As well as advice on diet and lifestyle changes, diabetes patients often need help with medication compliance to keep their blood glucose, cholesterol and blood pressure in check, says community pharmacist Will Pike…
During the pandemic we have come across diabetic patients daily who have missed routine follow ups or check-ups because they have been cancelled, or because the service is no longer available.
It has been of great concern to us that some patients feel they have been totally neglected, that their care has waned, and we have been told on numerous occasions that they feel forgotten about. Some diabetic patients have given up altogether as face-to-face services are so difficult to access.
What this has shown us is that the role of the community pharmacist has never been more important in helping people not just with diabetes but any individual who is living with long term health conditions.
In our role as community pharmacists, it is important to be asking questions around foot and eye health and this must continue in all pharmacies following the Pharmacy Quality Scheme in September 2019.
Simple questions around foot health and advising patients to check their feet for problems daily and having a foot check with their GP at least annually can help to avoid serious problems and hospitalisation.
Similarly, with eye screening, pharmacists and their teams must be checking whether patients have had an eye check in the last year. At the same time, medication compliance is important to help control blood glucose, cholesterol and blood pressure as left untreated these factors can all contribute to diabetic retinopathy and many other problems.
In community pharmacy, we are ideally placed to monitor medicine compliance and with tools such as the New Medicine Service, pharmacists can provide advice on the phone in a set time scale within the first three or four weeks of starting a new medicine.
Typically, this initial stage is where compliance can be an issue. Tolerating some medicines such as immediate release Metformin in the early stages can be challenging for patients due to unpleasant gastro-intestinal side effects.
For that reason, it is paramount that pharmacy teams never miss an NMS opportunity as this service can help reassure patients about their new medicines and avoid the need for more costly and less effective second- and third-line treatments.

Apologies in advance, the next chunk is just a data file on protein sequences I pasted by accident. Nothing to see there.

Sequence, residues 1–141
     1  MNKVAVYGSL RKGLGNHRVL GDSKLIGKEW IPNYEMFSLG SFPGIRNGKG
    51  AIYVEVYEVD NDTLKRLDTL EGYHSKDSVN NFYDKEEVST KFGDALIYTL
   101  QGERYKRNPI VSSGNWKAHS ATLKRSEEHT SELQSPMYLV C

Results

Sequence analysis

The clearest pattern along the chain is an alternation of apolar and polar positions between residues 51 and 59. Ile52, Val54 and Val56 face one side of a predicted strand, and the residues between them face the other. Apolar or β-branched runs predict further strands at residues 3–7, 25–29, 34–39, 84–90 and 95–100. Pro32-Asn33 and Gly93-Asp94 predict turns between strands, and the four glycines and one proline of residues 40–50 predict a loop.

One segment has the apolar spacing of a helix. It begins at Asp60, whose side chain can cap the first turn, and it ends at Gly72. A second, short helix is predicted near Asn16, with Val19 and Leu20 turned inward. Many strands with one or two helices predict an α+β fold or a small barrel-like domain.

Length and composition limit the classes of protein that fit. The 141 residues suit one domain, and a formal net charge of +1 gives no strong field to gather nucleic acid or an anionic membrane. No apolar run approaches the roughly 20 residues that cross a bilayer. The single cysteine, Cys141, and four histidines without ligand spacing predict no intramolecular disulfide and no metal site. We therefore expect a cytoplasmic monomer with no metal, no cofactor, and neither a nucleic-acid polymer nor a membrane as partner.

In community pharmacy we source, and supply FreeStyle Libre Sensors and it is important that pharmacists and teams are up to date with developing technology. The FreeStyle Librelink App is a fantastic tool to engage with patients around their blood glucose levels as flash glucose monitoring every 15 minutes can be really helpful in identifying trends.
For example, monitoring blood glucose continuously over a period of time allows the patient to see how blood glucose levels fluctuate and it can be really useful as a pharmacist to engage with the patients around diet and lifestyle and understand their dietary habits and how they affect blood glucose.
Seeing most of our patients every four weeks or more in community pharmacy means that pharmacists can really help patients manage their diabetes accordingly especially combined with technology such as the FreeStyle Libre and the application.
Diet and lifestyle discussions in pharmacy need to become part of the discussion as good advice can help to avoid peaks and troughs in blood glucose and it is so important to emphasise hidden refined sugars in foods and draw people back to a healthy balanced diet.
NHS choices is a great resource for diabetic diet planning and rather than patients be taken in by clever marketing campaigns from fast food outlets posing as ‘healthy’ it is important as pharmacists we can help pull them back on track.
Vaccination is a crucial tool which can help prevent disease and hospitalisation and patients in high-risk groups such as diabetics should be targeted and offered the flu vaccine as well as any other inoculations the pharmacist deems appropriate.
Some diabetic patients are housebound or have difficulty getting out and about, so the flexibility of pharmacy flu clinics as a walk-in service mean that pharmacists can offer the vaccine to patients who would have found it difficult to access it elsewhere.
At Well Pharmacy, we have completed thousands of wellbeing calls during the pandemic to check in with our lapsed patients and to ensure they are coping. Many patients have signed up to online chemists for delivery, yet still attend the community pharmacy and there has been much confusion about what they are supposed to do in order to maintain supply and compliance of their medication.
Our more vigilant teams have searched for our most vulnerable to offer them support in the form of a phone call if we see their medicines have lapsed from our systems. This in turn can provoke conversations around prompt ordering of medicines, especially over Christmas, and the importance of compliance of essential medicines to stay healthy, disease free and out of hospital.
To conclude, it is important to note that throughout the pandemic, community pharmacy has not closed its doors once; pharmacists have been on hand round the clock to provide physical and face to face reassurance if it is required to our diabetic patients.
It is impossible to fully engage with patients in phone check-ups or even Zoom meeting call and the value of face-to-face consultation must not be underestimated or disregarded.
Pharmacists have maintained this connection with patients and as a result it has never been a more important time for us to offer advice, reassurance and checks to not just our diabetic patients, but all our patients.
William Pike is a pharmacist at Wonford Pharmacy in Devon.